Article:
Living independently for the first time has definitely brought with it a steep learning curve, not to mention the development of lots of new skills that I previously never realised were necessary for everyday life. Here’s a quick list of what I’ve learnt so far:
1. Electricity is a precious, precious commodity
Here at the International College, we’re given 60kWh per month. I still have absolutely no idea how that actually translates into electricity usage, but it makes me think about what I’m using. I unplug everything before I leave the room, and I’m super careful about turning my lights out (Dad, aka electricity miser, would be proud). I even have a little post-it note next to my door reminding me to turn off the powerpoint!
2. Ditto with wifi
Seriously Aussie people, DO NOT TAKE YOUR WIFI FOR GRANTED. Here in China it still seems to be a relatively new phenomenon, despite the fact that Hangzhou was apparently one of the first cities in the world to have 4G internet (fun facts from Dad). We have wifi in the dorms but it is so bad – our VPNs don’t work on the Zheda wifi (for the uninitiated, THAT MEANS NO FACEBOOK ACCESS!). Some of us have managed to buy ChinaNet which is this massive, China-wide wifi network, but you have to be prepared to negotiate Taobao (the Chinese equivalent of Amazon, definitely not designed for foreigners to use) and also have a Chinese bank account (shoutout to Annie for buying me ChinaNet this month).
3. TAKE YOUR KEYS WITH YOU EVERY TIME YOU MOVE
So far I’ve locked myself out once. Now, in Australia it’s not such a problem – just chill outside if no-one is home and pray that someone arrives home quickly. In China, not so easy. You have to go to reception, try and mime a lost key to the ladies, and then wait on the Seat of Shame (Cynthia and I christened the name last week, apparently it’s caught on throughout the whole college), next to the desk for the security guard to meander over and let you in to your room. Meanwhile, the spare key to your room is sitting on the reception desk the whole time. Cynthia waited 40 minutes last week, and as a supportive friend I sat with her the entire time. We also have an excellent selfie with Kay waiting on the Seat of Shame last Tuesday. Needless to say, we are all being very careful about having our keys on us now.
Lost key count:
Kay – 2 (Kay asked me to add here that the second time she realised as her door shut behind her. Also that the third time she got locked out, it was actually her door that was broken.)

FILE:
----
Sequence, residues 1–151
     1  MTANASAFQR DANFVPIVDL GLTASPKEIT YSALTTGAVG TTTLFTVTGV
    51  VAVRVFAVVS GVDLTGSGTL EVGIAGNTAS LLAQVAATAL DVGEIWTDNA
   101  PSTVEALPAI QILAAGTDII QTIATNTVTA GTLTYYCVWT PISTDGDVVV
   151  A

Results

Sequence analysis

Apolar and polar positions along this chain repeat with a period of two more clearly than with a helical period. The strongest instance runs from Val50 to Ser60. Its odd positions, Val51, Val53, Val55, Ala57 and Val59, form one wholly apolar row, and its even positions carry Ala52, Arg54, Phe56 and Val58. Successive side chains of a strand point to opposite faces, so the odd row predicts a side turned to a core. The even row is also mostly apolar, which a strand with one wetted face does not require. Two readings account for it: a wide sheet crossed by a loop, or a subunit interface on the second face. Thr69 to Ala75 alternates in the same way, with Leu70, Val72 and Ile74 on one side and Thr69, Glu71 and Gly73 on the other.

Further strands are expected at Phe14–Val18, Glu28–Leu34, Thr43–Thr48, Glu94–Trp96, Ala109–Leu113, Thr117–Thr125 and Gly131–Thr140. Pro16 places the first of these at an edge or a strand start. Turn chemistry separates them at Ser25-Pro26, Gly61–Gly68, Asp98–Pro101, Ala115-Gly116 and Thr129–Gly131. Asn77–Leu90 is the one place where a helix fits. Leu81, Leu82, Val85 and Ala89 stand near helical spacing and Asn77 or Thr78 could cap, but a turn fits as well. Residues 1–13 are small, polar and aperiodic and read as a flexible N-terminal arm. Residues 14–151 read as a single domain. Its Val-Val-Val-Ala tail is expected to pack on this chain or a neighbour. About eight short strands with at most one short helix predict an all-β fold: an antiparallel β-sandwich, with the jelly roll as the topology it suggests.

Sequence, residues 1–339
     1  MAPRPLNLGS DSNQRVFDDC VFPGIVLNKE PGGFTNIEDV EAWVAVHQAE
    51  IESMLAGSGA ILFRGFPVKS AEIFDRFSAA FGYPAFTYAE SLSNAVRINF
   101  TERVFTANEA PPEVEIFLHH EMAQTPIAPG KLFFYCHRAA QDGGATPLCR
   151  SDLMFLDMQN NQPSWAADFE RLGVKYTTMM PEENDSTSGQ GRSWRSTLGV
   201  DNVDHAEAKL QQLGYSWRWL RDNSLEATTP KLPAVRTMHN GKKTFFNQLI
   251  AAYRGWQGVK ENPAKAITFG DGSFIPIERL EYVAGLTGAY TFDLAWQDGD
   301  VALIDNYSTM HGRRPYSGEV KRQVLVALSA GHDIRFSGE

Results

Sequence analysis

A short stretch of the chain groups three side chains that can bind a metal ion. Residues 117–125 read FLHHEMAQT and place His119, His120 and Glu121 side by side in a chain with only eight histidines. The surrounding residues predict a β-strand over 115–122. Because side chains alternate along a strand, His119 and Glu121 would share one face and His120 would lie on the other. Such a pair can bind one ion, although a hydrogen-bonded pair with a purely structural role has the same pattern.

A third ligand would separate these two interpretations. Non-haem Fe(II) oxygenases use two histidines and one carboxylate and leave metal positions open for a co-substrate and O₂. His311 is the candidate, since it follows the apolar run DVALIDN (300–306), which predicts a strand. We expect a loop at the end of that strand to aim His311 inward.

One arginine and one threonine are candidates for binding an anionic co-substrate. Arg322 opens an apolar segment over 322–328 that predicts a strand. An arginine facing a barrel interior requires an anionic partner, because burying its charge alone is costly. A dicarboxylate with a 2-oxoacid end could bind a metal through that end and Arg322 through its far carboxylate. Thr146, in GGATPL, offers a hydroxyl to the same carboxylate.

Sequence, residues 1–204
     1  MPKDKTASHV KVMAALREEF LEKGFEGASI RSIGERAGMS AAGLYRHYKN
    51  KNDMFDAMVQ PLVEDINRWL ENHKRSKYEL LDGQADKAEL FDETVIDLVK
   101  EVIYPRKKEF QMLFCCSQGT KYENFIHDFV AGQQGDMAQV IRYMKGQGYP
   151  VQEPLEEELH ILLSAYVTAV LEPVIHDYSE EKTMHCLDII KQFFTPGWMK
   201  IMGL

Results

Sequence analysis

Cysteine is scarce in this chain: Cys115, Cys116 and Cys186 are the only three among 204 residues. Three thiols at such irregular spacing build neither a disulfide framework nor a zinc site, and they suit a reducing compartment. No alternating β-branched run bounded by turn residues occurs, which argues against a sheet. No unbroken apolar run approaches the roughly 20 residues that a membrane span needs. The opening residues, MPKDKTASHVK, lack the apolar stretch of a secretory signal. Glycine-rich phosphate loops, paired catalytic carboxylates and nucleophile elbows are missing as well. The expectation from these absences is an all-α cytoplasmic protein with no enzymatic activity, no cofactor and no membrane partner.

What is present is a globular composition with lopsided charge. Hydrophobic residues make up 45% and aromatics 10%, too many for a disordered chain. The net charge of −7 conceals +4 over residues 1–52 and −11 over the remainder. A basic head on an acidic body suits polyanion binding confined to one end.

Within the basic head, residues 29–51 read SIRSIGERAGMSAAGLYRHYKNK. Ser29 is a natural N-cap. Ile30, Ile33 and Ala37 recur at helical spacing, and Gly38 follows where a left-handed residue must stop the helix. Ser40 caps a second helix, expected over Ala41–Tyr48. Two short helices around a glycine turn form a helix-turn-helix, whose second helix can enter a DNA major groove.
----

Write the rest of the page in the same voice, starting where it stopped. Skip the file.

Cynthia – 2
Mic – 1
Celine – 1
4. Coffee really is an optional extra
Coffee here is super expensive (I guess it’s also relatively expensive in Sydney, but here it’s like $7 for a pretty shocking cappuccino). When it’s the choice between paying 30RMB for coffee or buying breakfast for 15 days (yes, breakfast here is 2RMB)…well, I’ll let you guess what wins.
5. It is possible to cook an entire meal in one pot
In Australia we’re really lucky that we can get the range of food that we can. We totally take for granted that we can get Thai, Indian, Chinese, Vietnamese, Korean, Italian….you name it, we probably sell it somewhere. In China, they sell one thing: Chinese food. Oh and some limited Korean options. And more to the point, it’s still very province-specific. In Hangzhou for example, we can’t get Shanghai dumplings (10/10, would recommend if you ever visit Shanghai). So we’ve become very creative with the ways that we can cook our limited selection of food. One pot soups and fried rice are very popular amongst our little expat Australian group. I think that next I’m going to master some of the uses of beef in a pot. Handy hint – don’t eat food in your room, it takes at least a day to air out, and when it’s cold it’s not a fun process.
So that’s a quick outline of some things I’ve learnt so far. I’m sure there’s many more learning moments to come. Also if you ever come to China and don’t speak fluent Mandarin, I strongly recommend you brush up on your pointing and mime skills. They really come in handy.